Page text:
Benefits of using a dashboard for your business:

  • Monitor multiple metrics and KPIs at once
  • Easy to read
  • Save time by reducing or eliminating manual reporting tasks
  • Consistent and timely cross-functional communication

Let’s look at each benefit in a little more detail.

Monitor multiple metrics and KPIs at once

When a change happens within a department, whether it’s good or bad, it can have a ripple effect on your business. And putting your data on a dashboard makes everything a lot easier.

Use a dashboard to your advantage to dig deeper and draw a correlation between your metrics and KPIs to understand what’s working — and what’s not. Monitor your metrics and KPIs on a central dashboard, and make adjustments to your business practices in real time.

Easy to read

You don’t have to be a data analyst to use and understand a data dashboard. Dashboards should be easy to read. When you apply the principles and best practices of dashboard design, you can call-out important data points that anyone can observe and understand at-a-glance. Your dashboard should be designed so that even if you don’t work in marketing or finance, you can still understand the data being presented.

Save time by reducing or eliminating manual reporting tasks

It’s no secret: data dashboards save time. You no longer have to go to multiple services or spreadsheets to retrieve your data and put it into a report. Dashboards do all the heavy lifting for you!

Invest the time up-front to set up and design a dashboard that will pay back that time investment 10x over. Automatically generate reports with your data anytime, anywhere.

Consistent and timely cross-functional communication

Dashboards allow everyone in the business to make and validate business decisions and create greater synergy across the organization.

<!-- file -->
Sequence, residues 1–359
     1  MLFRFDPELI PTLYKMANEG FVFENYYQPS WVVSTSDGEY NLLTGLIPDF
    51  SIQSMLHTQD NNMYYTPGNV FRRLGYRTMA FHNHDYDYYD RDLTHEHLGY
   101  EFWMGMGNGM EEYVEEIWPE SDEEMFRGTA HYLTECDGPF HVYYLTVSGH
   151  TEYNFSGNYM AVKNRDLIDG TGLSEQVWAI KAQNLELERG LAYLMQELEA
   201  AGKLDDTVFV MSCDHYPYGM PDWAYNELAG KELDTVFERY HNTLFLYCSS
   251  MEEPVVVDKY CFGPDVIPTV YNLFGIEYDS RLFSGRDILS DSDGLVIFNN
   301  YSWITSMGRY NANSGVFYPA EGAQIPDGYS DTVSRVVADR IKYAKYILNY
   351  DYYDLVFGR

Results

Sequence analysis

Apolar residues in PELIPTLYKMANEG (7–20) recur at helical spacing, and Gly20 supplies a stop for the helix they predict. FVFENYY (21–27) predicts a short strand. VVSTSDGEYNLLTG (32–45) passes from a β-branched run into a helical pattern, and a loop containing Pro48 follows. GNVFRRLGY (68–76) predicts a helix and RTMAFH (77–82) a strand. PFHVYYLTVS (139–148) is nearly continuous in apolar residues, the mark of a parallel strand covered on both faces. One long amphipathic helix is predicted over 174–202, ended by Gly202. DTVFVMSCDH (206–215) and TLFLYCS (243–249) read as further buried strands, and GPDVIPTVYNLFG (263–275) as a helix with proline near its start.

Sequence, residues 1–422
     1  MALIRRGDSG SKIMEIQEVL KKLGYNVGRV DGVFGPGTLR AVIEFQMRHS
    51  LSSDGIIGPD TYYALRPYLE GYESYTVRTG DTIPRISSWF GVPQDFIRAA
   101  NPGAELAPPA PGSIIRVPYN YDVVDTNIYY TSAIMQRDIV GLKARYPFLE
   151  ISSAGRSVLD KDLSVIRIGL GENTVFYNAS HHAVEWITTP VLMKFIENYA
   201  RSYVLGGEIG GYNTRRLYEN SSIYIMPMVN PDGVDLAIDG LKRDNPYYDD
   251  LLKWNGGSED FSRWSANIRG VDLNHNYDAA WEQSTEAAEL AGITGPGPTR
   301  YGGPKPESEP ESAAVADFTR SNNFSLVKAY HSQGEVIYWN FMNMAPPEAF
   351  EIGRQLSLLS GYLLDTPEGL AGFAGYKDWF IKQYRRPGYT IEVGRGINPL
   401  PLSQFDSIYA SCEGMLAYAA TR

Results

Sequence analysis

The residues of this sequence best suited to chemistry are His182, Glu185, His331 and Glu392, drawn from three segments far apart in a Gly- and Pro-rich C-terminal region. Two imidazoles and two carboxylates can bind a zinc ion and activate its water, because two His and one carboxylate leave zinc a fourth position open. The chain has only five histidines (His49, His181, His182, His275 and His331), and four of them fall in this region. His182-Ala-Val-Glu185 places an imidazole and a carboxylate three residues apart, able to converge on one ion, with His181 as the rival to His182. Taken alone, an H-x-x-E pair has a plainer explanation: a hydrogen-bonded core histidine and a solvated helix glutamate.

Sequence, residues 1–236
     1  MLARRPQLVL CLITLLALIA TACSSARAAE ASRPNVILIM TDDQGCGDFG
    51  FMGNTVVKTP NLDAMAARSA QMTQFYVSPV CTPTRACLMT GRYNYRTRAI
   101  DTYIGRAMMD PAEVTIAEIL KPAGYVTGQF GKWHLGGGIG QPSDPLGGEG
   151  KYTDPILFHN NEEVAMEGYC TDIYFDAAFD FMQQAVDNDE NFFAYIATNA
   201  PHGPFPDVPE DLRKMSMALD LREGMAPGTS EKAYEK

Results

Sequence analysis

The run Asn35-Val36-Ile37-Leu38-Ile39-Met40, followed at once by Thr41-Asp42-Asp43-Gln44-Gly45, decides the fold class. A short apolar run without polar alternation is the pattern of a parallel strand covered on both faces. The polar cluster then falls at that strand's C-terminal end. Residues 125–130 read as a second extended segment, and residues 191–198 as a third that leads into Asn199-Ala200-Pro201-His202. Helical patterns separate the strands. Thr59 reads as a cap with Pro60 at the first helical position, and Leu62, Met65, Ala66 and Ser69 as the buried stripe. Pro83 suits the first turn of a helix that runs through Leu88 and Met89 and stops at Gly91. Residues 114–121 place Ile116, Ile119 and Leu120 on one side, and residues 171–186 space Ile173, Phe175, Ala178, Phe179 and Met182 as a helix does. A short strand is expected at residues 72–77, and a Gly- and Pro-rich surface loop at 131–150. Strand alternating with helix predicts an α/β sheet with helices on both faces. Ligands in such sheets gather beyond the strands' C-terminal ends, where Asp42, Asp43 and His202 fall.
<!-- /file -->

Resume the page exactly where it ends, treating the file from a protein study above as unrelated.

With the data readily available on a dashboard, executives and leaders no longer have to request information from a data analyst. Analysts can work in the background while users can access the information they need at any time. It’s a win-win!

Which metrics and KPIs should I put on a dashboard?

Choosing the metrics and KPIs to track is an important part of the dashboard design process. Dashboards are built as a direct response to the needs of your team or business.

Dashboards are versatile, too, which makes them useful for any industry or department.

Before you build a dashboard, it’s important that you understand which metrics and KPIs you want to track. Answer the following three questions as a starting point.

  1. What kind of business questions does my dashboard need to address?
  2. What type of dashboard do I use to display my data?
  3. Will my dashboard be interactive for readers?

It’s a good idea to structure your dashboard around questions and answers. For example:

  • What is our Customer Acquisition Cost? Display this metric on your dashboard for a quick answer.
  • Are we filling our sales funnel with fewer leads this month compared to last month? Display this metric on your dashboard and add a comparison value to get the full picture.
  • Is our Website Bounce Rate on-par with the industry standard? Visualize this metric so you can refine your website retention strategy before it’s too late.

What’s next for your dashboards?

Try building a dashboard in PowerMetrics, our lightweight BI tool that will help you level-up your analytics. Use our Starter Guides to dashboards and dashboard design to help you get started.

Need inspiration for the metrics to put on your dashboard? Visit MetricHQ, our online dictionary of metrics and KPIs. On MetricHQ, you can search for a specific metric, or search for new metrics by category or service or add Instant Metrics.

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Originally published August 4, 2021, updated Aug, 04 2021